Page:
An enumerator (stream) is partitioned into multiple smaller enumerators of type IQueryOperatorEnumerator<T>.  The partitioned stream is represented by PartitionedStream<T> which exposes an array of IQueryOperatorEnumerator<T> that can be iterated concurrently.

One way of building a partitioned stream is through manual creation of partitions, effectively allowing for the introduction of custom partitioning algorithms. However the PartitionedStream<T> derived type responsible for this (ManuallyPartitionedStream<T>) is an internal class at present. If you believe that such extensibility can be useful then let the product team know through here. I personally think that it would be a valuable feature as the users often have a deep understanding of the source stream and can better decide on the size and the content of each partition resulting in an improved experience.

Internally there are at least 2 different algorithms used to create partitioned streams. One algorithm partitions the stream based on a range and the other based on a hashcode.

Range based partitioning is sensitive to the type of the source stream. If the source is an indexible data type (i.e. an array or an implementer of IList<T>) then the partitioning is done based on a unique range given to each partition. Also, the source stream is shared by all partitions and there are no range overlaps between partitions.  Obviously the access to the source does not need to be synchronised, therefore the indexer of the source may need to be thread-safe.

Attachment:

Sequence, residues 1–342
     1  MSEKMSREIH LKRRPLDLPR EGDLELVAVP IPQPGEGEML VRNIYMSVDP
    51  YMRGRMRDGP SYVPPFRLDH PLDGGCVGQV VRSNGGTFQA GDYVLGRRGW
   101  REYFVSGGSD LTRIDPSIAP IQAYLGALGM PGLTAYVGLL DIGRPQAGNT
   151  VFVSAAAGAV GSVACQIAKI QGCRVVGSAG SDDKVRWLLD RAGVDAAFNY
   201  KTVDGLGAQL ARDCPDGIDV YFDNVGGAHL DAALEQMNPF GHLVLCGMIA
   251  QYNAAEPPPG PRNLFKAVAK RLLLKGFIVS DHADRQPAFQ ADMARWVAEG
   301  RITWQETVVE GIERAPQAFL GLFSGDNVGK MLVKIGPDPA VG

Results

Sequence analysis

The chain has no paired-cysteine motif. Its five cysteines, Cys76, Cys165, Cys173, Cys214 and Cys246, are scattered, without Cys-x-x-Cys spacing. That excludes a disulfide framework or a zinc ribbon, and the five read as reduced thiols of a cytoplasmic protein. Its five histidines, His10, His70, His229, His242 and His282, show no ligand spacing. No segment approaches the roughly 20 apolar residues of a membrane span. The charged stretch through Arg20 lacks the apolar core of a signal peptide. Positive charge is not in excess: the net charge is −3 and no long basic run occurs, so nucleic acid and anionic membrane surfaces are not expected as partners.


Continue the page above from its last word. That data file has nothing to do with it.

Note that range partitioning assumes that the work required to process each element will take roughly the same time and will be largely homogenous. This might not always be true and a custom partitioning solution might perform better.

However if the source is not an IList<T>, we can no longer assume that we are dealing with a finite set of items. This in itself takes away the ability to index into the source stream. Nonetheless we still need to find a way to partition the source.